The residential real estate industry has been through a lot over the past 10 years. Through the lofty heights of the boom to the how-low-can-you-go depths of the foreclosure crisis, real estate professionals and industry analysts asked themselves the same question: How long can this last?
A better question may have been "What will the market look like when this is over?" When the boom was over, the market was a mess. As home prices have started to inch upward and foreclosure rates have begun their descent -- CoreLogic reported 28,341 completed foreclosures in Illinois during 2013, more than a 9 percent drop from 2012 -- it has become clear to insiders that a recovery would bring a different kind of market.
The recovery would be glacially slow if analysts were gauging gains against the peak of the boom. The industry is moving toward a more realistic definition of recovery. The hope is that local markets will shed their high foreclosure rates and distressed mortgages and then level off into healthy, sustainable growth. And in this context, growth encompasses both home sales and construction of new homes.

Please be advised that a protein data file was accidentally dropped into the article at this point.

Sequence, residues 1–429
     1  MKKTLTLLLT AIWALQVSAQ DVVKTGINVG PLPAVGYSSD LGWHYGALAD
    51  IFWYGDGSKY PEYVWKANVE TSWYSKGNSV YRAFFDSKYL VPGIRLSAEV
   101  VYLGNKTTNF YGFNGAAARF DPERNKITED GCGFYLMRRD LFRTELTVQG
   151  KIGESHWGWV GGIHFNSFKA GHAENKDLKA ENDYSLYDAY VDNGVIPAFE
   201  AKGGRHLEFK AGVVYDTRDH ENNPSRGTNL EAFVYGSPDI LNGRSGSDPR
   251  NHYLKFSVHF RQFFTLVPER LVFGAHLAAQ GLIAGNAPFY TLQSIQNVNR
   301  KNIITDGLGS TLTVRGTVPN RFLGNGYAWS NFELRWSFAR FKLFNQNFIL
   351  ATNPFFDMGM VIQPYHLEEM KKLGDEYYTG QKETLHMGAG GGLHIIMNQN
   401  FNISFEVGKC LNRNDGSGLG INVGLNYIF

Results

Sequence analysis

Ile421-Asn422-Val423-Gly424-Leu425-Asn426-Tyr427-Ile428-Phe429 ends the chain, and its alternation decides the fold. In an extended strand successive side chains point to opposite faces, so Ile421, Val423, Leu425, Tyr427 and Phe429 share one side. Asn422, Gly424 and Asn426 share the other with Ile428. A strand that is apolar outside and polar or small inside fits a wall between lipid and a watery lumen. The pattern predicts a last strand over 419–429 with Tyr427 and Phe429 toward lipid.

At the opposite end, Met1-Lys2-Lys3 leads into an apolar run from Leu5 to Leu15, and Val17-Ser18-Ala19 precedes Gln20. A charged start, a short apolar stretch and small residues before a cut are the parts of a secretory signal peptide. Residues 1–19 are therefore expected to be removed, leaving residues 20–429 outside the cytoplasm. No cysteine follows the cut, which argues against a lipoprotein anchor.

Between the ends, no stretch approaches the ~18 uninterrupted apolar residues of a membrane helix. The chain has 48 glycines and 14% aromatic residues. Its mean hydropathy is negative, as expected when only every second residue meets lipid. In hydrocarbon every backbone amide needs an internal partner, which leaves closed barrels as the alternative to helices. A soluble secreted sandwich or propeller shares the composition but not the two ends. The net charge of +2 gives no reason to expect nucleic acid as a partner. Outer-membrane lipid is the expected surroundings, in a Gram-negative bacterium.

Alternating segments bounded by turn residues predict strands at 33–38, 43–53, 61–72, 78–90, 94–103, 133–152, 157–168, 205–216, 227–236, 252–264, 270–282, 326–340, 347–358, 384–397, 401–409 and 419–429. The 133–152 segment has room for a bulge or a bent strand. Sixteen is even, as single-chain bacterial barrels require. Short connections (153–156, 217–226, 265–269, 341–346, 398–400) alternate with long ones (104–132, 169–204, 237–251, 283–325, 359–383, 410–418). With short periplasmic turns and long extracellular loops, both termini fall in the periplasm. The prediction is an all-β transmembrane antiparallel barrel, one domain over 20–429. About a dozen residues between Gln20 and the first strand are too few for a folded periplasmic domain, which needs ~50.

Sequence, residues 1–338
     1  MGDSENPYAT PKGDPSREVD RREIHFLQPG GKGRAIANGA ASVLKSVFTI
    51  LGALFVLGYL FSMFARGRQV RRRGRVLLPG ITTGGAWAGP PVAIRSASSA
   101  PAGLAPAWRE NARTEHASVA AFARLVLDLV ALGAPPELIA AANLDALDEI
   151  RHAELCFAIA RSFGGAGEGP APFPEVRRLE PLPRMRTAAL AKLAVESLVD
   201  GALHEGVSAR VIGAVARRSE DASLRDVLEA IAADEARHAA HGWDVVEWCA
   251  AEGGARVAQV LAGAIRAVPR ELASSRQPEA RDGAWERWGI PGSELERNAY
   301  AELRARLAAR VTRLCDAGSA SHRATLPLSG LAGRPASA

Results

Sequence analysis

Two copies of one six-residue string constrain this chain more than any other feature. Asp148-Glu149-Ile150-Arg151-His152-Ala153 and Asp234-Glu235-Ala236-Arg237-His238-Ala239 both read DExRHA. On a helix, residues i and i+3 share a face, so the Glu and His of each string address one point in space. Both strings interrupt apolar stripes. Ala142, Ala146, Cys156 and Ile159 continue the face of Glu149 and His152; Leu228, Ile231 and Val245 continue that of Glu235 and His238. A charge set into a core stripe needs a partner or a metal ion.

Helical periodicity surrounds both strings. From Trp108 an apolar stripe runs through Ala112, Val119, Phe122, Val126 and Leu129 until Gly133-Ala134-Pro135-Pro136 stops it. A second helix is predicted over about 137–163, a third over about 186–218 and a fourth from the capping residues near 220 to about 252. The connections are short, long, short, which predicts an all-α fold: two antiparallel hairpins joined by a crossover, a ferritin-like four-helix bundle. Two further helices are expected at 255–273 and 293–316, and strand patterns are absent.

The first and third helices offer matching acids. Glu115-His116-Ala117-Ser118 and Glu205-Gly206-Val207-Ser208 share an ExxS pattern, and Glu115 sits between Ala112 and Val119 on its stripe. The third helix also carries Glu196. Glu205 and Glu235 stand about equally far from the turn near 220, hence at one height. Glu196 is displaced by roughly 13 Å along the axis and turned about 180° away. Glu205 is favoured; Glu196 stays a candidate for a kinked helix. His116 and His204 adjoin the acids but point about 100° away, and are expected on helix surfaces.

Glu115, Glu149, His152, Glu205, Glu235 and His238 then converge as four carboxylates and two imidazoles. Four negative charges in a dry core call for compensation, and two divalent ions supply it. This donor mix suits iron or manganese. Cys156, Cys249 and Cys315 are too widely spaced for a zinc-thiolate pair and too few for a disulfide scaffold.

April and May generally see a high volume of home sales. Prices increase, and inventory goes up when the season opens and dwindles steadily as the season comes to a close. That may change a bit this year.
The current market offers a reduced inventory of homes in foreclosure, and that should tempt individuals and families back into homebuying. The smaller foreclosure inventory, however, means fewer bargains -- and that means buyers are looking at paying more. But higher prices mean that more homeowners could decide to sell, which could increase inventory and reduce average home prices, if only a little.
Add to that the historically low mortgage rates, and we could have a healthy, sustainable market.
But there's a catch. And we'll get into that in our next post.
Source: Alaska Dispatch, "Could 2014 be the year the housing market really recovers?" Mark Trumbull (The Christian Science Monitor), March 23, 2014